A police division at the centre of an investigation over the death of a man in custody was the subject of an assault allegation nearly every two weeks last year, the The Ferret can reveal.
Figures obtained show that during 2014 there were 22 allegations of police assault in the Fife area but Police Scotland has refused to reveal details of which police stations were involved prompting criticism over a lack of transparency.
Police Scotland has been embroiled in controversy since the death of Sheku Bayoh who died on May 3rd after being arrested in Kirkcaldy.
Mr Bayoh – a gas engineer and father of two – died in custody of suspected asphyxia in yet unexplained circumstances after he was detained by up to nine officers.
Using Freedom of Information legislation Police Scotland were asked for details of recent allegations of assault made against police in Fife and which stations were involved.
Police Scotland said in response: “The system used to record complaints about Police is unable to extract how many assault allegations were made against officers currently attached to P Division (Fife). The system can produce data relating to the number of assault allegations that occurred in the geographic area of Fife, not all of which would be attributable to officers posted within this command area. Many officers, who are not routinely posted to Fife Division work on a case by case basis in this geographical area. In addition the information cannot be broken down into police stations, as some assault allegations do not relate to incidents that occurred within a police station. In total, 22 allegation of assault were made relating to incidents which occurred in the Fife geographical area in 2014.”
The force refused to disclose details of anyone requiring medical treatment in stations and at hospitals after alleging assault against police officers.
Police Scotland’s FOI response said: “Records held by Professional Standards in relation to complaints do not show whether or not a person who was arrested or detained made an assault allegation. Additionally, these records do not hold the information relating to medical treatment, or admission to hospital. In order to provide this information new information would need to be obtained by Professional Standards. As you may be aware, the Freedom of Information (Scotland) Act specifically states that no new information should be created in order to respond to a request. Therefore, I must again respond to you in terms of Section 17 of the Act: Information Not Held.”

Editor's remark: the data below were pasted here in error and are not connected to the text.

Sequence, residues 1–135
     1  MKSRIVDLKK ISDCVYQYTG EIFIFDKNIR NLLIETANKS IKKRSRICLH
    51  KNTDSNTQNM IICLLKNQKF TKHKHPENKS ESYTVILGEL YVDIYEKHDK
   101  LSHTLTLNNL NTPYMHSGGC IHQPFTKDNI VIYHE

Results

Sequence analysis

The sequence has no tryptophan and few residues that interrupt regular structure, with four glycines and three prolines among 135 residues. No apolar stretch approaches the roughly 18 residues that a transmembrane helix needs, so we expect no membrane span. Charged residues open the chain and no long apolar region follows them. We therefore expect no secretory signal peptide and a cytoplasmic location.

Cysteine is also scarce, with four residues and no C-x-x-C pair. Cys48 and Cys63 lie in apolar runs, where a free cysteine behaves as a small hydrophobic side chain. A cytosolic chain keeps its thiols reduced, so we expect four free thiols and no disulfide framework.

Police Scotland’s replies prompted criticism from Aamer Anwar, a lawyer representing the family of Sheku Bayoh. He said: “It is shocking that Police Scotland, an organization otherwise obsessed with statistics, chooses not to keep records of injuries to members of the public. Why such a secret? Police Scotland might claim that allegations of violence by their officers are small, but if they want to expose such criminality then keep the statistics, which would speak for themselves. We learned through the death in custody case of Sheku Bayoh that since March 26th police officers are no longer required to provide operational statements where there is an inference of criminality. This will only encourage a culture of immunity and violence.
This is yet another example of lack of transparency and accountability on the part of Police Scotland. Richard Haley
The human rights organisation Scotland Against Criminalising Communities (SACC) was also critical of Police Scotland. SACC chair, Richard Haley, said: “This is yet another example of lack of transparency and accountability on the part of Police Scotland.
“It follows their unaccountable and uncontrolled use of stop and search and their unaccountable and still unexplained deployment of firearms last year. The same culture of unaccountability has sabotaged efforts to investigate the death of Sheku Bayoh in police custody. Unaccountable police are dangerous police.”
Responding to the criticism, Police Scotland said: “Police Scotland complies with the Freedom of Information Act and believes it has fully answered this request within the legislation. Everyone who makes an FOI application is advised in the response that if they are not satisfied with the way in it has been dealt with, they are entitled to request a review of the decision and how to do so. If, after review, they are still not satisfied, then they are entitled to appeal to the Scottish Information Commissioner, and again advised on how to do this.”
A version of the above report was first published by the Sunday Herald on 14 June 2015.
If you enjoyed this story, you can support us to carry out original investigative work for The Ferret here.